A euphausiid, Euphausia pacifica, as an important food source to demersal fishes in the eastern Korean water

A euphausiid, Euphausia pacifica, as an important food source to demersal fishes in the eastern Korean water
채진호; 한창훈; 홍재상; 이재학
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Large amount of euphausiids, Euphausia pacifica, is found to be distributed in the eastern Korean water adjacent to Uljin, which often form near-bottom aggregation in the depth of 100-200m approximately (in preparation). During the studies on euphausiids, we examined gut contents of several species of fishes to partially understand their ecological roles. Among the fishes caught in fishery nets set close to the region where euphausiids aggregations were observed, only two fish species, arabesque greenling (Pleurogrammus azonus) and spinyhead sculpin (Dasycottus steiger) were available with sufficient amounts for data in the collection of Oct 2002 (only in D. steiger), Mar 2003 and Jun 2003, while other species captured with small amounts also often included euphausiids in their guts. Euphausiids were significantly important food source to the species of fishes examined. All of the stomachs of arabesque greenling examined contained euphausiids (% of a food item frequency, F = 100 %) in Mar and Jun 2003. Individual numbers of euphusiids in the guts ranged from 10 to 540 ind / gut. Squids were simply the alternative food item found in arabesque greenling (% of number of food item, Cn = 99.96 for euphausiids). The fish showed great preference to euphausiids, even though they can feed on much larger squids. On the other hand, they preferred to larger euphausiids which size range was 17.2 - 28.4 mm, while the size range of euphausiids distributed in the ambient water column was much broader (from eggs to adults). The guts of spinyhead sculpin also frequently contained euphausiids (F = 79.20 %), while amphipods (F = 16.17 %) and other fishes (F = 45.80 %) were also often observed. In terms of number of individuals, euphausiids, as a small sized animals among the food item, were the most frequently chosen prey (Cn = 99.49 %).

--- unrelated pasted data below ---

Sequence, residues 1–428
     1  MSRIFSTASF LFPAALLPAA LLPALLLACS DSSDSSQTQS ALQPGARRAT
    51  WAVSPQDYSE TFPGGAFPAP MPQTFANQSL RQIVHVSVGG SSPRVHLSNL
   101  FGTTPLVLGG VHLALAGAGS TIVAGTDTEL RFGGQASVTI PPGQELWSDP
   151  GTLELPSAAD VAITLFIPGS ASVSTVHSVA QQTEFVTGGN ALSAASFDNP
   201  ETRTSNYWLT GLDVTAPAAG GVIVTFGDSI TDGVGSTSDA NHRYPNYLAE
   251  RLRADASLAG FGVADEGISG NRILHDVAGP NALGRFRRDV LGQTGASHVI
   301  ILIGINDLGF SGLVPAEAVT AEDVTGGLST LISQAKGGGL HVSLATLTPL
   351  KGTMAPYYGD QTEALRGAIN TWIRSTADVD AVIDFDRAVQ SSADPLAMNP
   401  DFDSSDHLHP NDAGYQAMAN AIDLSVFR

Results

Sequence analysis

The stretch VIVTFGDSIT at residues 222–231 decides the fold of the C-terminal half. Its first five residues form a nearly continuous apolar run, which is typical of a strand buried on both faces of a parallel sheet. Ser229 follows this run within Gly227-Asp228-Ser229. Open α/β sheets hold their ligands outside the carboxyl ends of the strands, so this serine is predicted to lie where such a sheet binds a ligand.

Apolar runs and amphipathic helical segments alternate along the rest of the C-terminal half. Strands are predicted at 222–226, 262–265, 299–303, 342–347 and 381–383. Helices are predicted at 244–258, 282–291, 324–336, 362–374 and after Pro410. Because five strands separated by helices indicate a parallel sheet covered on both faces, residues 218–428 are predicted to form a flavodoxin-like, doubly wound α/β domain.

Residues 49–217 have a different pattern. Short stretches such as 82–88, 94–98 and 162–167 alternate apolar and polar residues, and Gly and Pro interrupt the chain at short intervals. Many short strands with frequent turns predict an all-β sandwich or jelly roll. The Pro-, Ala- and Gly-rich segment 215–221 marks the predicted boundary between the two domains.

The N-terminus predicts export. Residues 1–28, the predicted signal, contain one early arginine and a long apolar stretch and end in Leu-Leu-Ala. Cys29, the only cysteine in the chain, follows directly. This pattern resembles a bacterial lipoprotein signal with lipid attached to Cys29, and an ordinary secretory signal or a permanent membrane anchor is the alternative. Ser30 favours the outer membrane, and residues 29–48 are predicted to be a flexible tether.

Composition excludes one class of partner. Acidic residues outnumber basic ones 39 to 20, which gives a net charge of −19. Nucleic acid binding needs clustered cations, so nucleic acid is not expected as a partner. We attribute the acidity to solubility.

Bibliographic Citation
한국해양학회(추계), pp.141, 2003
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